Repeat offender given another chance, instead sentenced to prison
Police met with repeat offenders last November to offer warning
MADISON, Wis. — A man who police hoped would turn his life around after getting another chance was sentenced Thursday to 12 additional years in prison.
Damien Smith was one of 30 violent repeat offenders in Madison who have been offered help in finding jobs, housing and volunteer opportunities as part of a new police program that also promises stiff penalties for breaking the law again.
After that meeting, police said Smith thumbed his nose at the system, selling heroin and crack cocaine, police said.
“He abused that and he placed the public at great risk in virtually everything he did,” Dane County Circuit Court Judge Peter Anderson said. “How many more lives does he have to put at risk?”
Dane County Assistant District Attorney Corey Stephan argued for the maximum sentence, while defense attorney Jessa Nicholson asked for a lesser sentence than what the judge decided.
Stephan said Smith was connected to shootings at two now-closed Madison bars last fall. Smith’s attorney argued he had not been charged in those shootings at ‘R’ Place on Park and the New Town Pub.
Anderson didn’t use the accusations in his decision but did say that, even if gun violence hadn’t happened before, “it’ll happen soon” as a result of Smith’s drug trade involvement.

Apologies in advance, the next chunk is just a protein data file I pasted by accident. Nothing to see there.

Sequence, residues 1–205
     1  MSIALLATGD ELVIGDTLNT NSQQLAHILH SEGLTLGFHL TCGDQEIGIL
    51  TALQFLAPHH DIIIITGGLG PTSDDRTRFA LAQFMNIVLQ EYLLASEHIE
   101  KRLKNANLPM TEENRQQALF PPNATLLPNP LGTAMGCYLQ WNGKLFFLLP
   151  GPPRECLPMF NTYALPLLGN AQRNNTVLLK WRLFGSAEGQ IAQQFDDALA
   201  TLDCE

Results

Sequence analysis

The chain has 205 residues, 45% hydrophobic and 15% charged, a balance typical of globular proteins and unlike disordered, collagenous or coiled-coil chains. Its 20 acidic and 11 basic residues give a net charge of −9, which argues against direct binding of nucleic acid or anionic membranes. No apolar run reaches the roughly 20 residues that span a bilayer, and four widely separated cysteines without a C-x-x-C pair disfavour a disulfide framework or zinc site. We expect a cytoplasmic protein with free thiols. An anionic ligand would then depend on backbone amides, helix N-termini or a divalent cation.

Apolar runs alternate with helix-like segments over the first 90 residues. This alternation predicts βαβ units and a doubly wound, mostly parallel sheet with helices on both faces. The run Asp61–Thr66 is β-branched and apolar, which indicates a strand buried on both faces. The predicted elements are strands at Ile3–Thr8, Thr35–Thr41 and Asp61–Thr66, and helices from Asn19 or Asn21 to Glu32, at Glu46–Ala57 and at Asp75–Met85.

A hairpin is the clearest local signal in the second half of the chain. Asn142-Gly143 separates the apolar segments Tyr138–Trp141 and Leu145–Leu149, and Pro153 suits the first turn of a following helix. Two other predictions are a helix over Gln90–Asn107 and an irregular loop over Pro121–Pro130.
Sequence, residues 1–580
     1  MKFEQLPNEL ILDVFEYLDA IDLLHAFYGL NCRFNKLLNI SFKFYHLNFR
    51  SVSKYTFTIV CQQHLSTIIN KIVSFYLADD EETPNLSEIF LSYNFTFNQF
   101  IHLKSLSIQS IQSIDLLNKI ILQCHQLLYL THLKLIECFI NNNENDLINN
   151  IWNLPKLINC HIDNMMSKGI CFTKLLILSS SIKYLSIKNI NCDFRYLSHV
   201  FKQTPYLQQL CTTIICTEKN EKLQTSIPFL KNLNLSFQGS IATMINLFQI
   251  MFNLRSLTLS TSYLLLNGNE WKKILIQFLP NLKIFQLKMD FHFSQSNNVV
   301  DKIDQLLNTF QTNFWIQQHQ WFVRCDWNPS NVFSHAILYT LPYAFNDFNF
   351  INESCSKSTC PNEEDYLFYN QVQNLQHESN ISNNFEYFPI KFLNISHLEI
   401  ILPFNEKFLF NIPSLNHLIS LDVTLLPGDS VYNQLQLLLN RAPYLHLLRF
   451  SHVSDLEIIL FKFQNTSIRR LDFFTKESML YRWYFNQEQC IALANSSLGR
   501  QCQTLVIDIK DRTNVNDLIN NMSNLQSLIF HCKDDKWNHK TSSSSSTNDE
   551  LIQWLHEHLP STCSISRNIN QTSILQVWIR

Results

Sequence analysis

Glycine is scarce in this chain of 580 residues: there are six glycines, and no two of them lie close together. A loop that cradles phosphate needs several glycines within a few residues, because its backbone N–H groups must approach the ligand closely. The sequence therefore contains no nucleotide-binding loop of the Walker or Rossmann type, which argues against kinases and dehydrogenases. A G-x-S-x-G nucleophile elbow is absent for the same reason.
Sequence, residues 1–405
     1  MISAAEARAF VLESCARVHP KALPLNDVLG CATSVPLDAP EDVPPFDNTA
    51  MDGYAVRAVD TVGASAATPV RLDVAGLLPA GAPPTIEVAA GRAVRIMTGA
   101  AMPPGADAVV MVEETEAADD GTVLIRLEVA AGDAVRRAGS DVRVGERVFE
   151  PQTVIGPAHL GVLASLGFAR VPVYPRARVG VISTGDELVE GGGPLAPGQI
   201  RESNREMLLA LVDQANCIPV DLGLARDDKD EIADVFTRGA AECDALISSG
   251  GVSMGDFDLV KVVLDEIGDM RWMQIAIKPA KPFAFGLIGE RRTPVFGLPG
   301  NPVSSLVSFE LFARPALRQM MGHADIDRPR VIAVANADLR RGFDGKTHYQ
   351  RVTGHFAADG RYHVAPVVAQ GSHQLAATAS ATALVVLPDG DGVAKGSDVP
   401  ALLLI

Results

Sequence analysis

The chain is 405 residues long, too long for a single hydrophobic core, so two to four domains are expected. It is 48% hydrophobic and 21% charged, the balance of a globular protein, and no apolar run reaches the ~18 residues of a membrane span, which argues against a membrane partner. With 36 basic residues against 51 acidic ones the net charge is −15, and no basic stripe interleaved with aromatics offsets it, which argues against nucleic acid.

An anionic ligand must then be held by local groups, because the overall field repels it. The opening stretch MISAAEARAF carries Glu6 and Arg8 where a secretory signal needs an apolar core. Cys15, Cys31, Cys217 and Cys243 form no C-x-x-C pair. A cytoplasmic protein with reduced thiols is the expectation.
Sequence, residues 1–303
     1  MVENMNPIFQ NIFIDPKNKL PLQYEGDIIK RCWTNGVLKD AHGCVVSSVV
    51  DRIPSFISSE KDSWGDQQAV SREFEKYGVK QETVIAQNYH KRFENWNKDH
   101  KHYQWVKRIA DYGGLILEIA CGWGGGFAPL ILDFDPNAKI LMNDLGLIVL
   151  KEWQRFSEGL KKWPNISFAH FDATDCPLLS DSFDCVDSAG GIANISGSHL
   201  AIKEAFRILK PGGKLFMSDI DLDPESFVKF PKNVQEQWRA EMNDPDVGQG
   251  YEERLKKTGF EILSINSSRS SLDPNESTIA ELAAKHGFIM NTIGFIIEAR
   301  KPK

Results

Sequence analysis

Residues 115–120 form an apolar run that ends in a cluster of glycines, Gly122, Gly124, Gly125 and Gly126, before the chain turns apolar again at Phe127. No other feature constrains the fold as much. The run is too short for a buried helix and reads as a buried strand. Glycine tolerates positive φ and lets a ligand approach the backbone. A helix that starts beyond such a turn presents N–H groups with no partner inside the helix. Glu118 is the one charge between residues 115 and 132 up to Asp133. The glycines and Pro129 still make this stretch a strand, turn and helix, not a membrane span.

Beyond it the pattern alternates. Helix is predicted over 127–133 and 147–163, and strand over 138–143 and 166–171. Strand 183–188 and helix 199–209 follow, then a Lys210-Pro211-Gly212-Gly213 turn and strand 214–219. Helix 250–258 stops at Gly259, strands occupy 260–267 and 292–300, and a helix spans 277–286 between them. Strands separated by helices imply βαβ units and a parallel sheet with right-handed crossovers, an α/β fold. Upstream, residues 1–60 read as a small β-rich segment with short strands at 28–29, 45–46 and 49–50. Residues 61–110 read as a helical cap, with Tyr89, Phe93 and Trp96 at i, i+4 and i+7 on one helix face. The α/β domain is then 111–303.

Smith spoke in his defense, at one point apologizing for his actions but also saying he had gotten “sidetracked” in life.Repeat offender given another chance, instead sentenced to prison
“Just because I’m in this situation right now doesn’t mean I can’t still be a success story,” Smith said, before bowing his head as Anderson read his sentence.
Police said Smith and three other repeat offenders are facing additional sentences after going through the program meant to help straighten out their lives. Others are still in prison, while others are making steps in the right direction, said Lt. Tom Woodmansee of the Madison Police Department’s special investigations unit.
“If they reoffend, this is a classic example of what’s supposed to happen,” Woodmansee said after the sentencing hearing. “We’ve already heard on the street that associates of Smith are aware of what happened and are aware of the program.”
Smith is also facing federal charges of delivering heroin and cocaine, in which he faces 10 years to life in prison.
Police said one of Smith’s associates sold the heroin that killed a 17-year-old boy from Lodi in July.